The tour would last into 1945. Then on July 26, 1946 what was known as the "Moore Ford Lynchings" took place in Georgia on the "Moore Ford Bridge".









In truth there were no lynchings as tradition holds. What actually happened was that two young Negro married couples were shotgunned to death. They were George W. and Mae Murray Dorsey and Roger and Dorothy Malcolm.

Paul Robeson met with President Harry Truman and demanded that he pass anti-lynching legislation OR, according to biographer Martin B. Duberman:
the Negroes will defend themselves
President Truman stopped the meeting and told Robeson to leave the White House.

Two events did occur after this meeting.

The first event saw Paul Robeson form "The American Crusade Against Lynching" to wake up Americans to what was happening in the South. Robeson's group was founded on September 23, 1946 the anniversary of the "Emancipation Proclamation". However, the "National Association for the Advancement of Colored People (NAACP)" considered Robeson organization as trouble for their own anti-violence movement and put political and local pressure to stop him.

The second event was the result of wide spread public opinion and pressure. President Truman created the "Presidents Committee on Civil Rights" and introduced anti-lynching legislation in Congress. The bill was blocked by the powerful "Southern Democrat Block".

71 years later on September 2017 the FBI and the State of Georgia finally closed their investigations into the "Moore's Ford Lynching". Stating both were unable to find anyone responsible.

It was about the time of the "Moore Ford Lynchings". That Paul Robeson decided trade unions were a mainstay part of civil rights. So that idea was incorporated into his own beliefs and became a follower of Revels Cayton. Cayton was a Civil Rights Leader in Washington State and California. Revels was the grandson of the First Black Senator in the United States Congress Hiram Rhodes Revels. Who was both a Republican and represented the State of  Mississippi in 1870.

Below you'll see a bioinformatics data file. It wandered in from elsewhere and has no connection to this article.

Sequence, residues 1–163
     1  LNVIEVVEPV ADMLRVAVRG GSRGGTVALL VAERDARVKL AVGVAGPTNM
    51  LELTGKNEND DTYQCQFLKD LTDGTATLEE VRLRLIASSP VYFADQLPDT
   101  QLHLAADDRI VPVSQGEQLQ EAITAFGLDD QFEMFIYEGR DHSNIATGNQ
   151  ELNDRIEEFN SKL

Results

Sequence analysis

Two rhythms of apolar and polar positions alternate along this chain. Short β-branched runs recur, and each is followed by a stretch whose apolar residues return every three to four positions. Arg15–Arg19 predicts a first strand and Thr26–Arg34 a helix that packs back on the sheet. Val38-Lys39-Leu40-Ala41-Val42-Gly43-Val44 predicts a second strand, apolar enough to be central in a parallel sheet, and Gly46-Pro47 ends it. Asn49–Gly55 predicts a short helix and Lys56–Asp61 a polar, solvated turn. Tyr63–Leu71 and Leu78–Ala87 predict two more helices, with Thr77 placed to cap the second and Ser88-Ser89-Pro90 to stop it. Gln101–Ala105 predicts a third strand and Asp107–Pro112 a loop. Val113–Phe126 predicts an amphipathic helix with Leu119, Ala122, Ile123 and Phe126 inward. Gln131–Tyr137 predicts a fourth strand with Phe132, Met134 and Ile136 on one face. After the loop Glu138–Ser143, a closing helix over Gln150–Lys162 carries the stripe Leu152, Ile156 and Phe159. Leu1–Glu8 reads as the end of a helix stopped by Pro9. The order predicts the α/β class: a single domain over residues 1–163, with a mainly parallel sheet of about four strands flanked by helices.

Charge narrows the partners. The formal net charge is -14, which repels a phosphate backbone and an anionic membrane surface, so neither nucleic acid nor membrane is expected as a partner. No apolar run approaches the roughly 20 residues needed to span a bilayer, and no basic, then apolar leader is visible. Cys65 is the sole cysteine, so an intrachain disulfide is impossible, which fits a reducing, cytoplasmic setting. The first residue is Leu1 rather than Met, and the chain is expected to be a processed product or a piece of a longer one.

The one downside for Paul Robeson to be associated with Revels. Was that Clayton was a known Communist Party Member.



Between 1941 and 1949 Jack Tenney was first a DEMOCRAT Representative in the California State Assembly. Then, because he wouldn't have been elected as a Democrat. Tenney became a REPUBLICAN and served in the California State Senate.

In the California Senate, after the Second War was over, Tenney became the Chairman of the "California Senate Fact Finding Subcommittee on Un-American Activities". In short a mini-Joseph McCarthy.

One of those he zeroed in on was actor Edward G. Robinson. State Senator Tenney denounced Robinson as frequently being involved with Communist fronts and causes. Robinson had done what became a cardinal sin for the motion picture industry during the McCarthy Era.

Even if you denounced Hitler, the Nazi's, Mussolini's fascism and the Japanese during the war. However, you did not denounce Stalin, our ally at the time, you were considered a Communist sympathizer after the war. Hence, California Senator Tenney's attacks/

Then there was Paul Robeson and guilt by association with Revels Cayton took place. Was he a member of the "Communist Party USA (CPUSA)"?
Answer, "NO!".
"CPUSA" was established in 1919 after a split with the "Socialist Party of America".  Starting in the 1920's the "Communist Party USA" was known for defending and fighting for labor unions and opposing racism and racial segregation. The group provided funds for the defense of the "Scottsboro Boys". They were nine African-American boys, between 13 and 20, falsely accused in Alabama of raping two white women in 1931. Below the boys with their attorney.



During the "Great Depression" membership in "CPUSA" increased as Americans looked for work and fair wages. The "Communist Party USA" played a key role in the creation of  John L. Lewis' "Congress of Industrial Organization (CIO)".

In short this was not "Stalin's" Communist Party. The organizations membership declined at the end of World War 2. During the start of what was called the "Second Red Scare" and the raise of Senator Joseph McCarthy.

However, another organization Paul Robeson was a member provided problems for the singer and actor. This was the "Civil Rights Congress (CRC)". "The "CRC" was established in 1946 and was disbanded ten years later. in 1956. They created the "International Labor Defense". Which was an American communist backed organization to provide lawyers to defend Americans in the labor movement. Along with the "National Federation for Constitutional Liberties (NFCL)". A organization made up of trade union, religious groups, African-American civil rights groups and the ":National Negro  Congress". The last being a group formed at Howard University to fight for Negro rights.